a trailer about cinema action

in the beginning

Cinema action was among several left-wing film collectives formed in the late sixties. Based in London, the group started in 1968 by exhibiting in factories a French film about the recent events in Paris when riot police clashed violently with student demonstrators. These screenings attracted people interested in making film a part of political activism and within months activities extended to producing short films on aspects of political conflict in Britain. The combination of producing, distributing and exhibiting political film was the basis for a practice which developed and continued over about 20 years.

Consistent core members were Ann Guedes, Gustav (Schlacke) Lamche and Eduardo Guedes although many other people were important for shorter periods. Membership was fluid and a great many political filmmakers had links with the group at some stage because they helped with a production or borrowed equipment, took part in discussions or attended screenings.

working class films

Cinema Action also used the title, Working Class Films and its politics were clearly Marxist and revolutionary although not aligned with those of any party or formal organisation. Films were designed to provide an analysis of struggles and to encourage future action.

The aim was to make films on political activism and/or working class life and to do so by working so closely with participants that they would share control over the content. A direct, unmediated quality makes their work stand out from much contemporary political cinema. Not a Penny on the Rent (1969), attacking proposed council rent increases, is an early example. A later, more developed film is UCS1 (1971), a record of the work-in at the Upper Clyde Shipyard and a unique document as all other press and television were excluded. It uses especially effectively the approach of letting those directly involved express themselves without commentary.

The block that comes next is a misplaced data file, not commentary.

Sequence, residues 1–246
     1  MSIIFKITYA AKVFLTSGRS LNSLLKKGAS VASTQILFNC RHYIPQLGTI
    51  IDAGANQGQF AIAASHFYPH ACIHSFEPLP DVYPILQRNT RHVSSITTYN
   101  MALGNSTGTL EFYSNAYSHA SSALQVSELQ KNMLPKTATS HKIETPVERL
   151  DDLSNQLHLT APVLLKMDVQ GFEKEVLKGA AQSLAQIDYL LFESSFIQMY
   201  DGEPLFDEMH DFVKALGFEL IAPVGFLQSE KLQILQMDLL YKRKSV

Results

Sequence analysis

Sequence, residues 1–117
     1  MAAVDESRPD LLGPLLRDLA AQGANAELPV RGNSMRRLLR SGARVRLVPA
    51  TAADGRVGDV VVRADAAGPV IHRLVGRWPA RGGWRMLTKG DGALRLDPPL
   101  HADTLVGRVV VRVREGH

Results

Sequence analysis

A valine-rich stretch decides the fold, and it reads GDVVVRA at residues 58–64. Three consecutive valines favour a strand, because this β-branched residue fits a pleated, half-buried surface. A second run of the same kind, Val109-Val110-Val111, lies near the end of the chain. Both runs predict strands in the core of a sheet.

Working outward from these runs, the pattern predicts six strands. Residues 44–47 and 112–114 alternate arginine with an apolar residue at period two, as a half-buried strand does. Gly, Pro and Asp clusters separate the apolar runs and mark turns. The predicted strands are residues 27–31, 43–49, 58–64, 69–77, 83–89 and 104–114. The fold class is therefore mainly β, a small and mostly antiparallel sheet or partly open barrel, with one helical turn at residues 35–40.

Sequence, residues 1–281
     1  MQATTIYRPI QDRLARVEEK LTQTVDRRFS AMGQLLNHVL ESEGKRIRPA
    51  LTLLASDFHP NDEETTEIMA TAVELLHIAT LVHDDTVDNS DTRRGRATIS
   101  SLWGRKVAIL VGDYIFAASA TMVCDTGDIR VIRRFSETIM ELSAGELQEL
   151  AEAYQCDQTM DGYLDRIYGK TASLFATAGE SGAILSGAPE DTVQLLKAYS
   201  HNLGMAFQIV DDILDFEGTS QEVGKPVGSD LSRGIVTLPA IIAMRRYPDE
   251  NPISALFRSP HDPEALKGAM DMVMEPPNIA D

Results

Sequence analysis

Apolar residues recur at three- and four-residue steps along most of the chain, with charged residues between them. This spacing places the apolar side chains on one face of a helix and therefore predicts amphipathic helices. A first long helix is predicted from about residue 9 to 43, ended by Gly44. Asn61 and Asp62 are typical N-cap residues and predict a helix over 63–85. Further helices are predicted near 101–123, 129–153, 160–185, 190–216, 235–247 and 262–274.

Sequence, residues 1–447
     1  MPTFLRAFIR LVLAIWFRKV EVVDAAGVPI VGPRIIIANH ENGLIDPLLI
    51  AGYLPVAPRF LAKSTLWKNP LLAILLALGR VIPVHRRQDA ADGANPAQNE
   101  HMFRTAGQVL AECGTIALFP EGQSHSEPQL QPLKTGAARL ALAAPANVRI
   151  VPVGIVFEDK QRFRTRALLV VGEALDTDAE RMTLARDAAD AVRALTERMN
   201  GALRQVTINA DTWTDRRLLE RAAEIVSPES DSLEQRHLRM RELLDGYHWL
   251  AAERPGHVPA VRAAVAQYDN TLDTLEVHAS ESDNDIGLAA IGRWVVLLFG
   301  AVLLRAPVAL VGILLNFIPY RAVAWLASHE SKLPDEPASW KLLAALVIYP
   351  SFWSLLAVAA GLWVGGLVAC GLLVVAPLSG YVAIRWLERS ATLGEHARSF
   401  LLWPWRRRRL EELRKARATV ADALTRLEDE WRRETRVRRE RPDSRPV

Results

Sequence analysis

fiction

The experiments in fiction were in part a response to political setbacks. The original Cinema Action project depended on widespread activism and especially on the Shop Stewards’ Movement of radical trade unionists. By the late ‘70s much of the momentum was lost and after the defeat of the miners’ strike in 1985 the Left declined to near impotence. Cinema Action made creative efforts to adapt but ones which proved unsustainable and it ceased to exist in 1993. Its valuable legacy includes not only an archive of films but the experiences of members and associates many of whom continued to contribute towards a socialist film practice.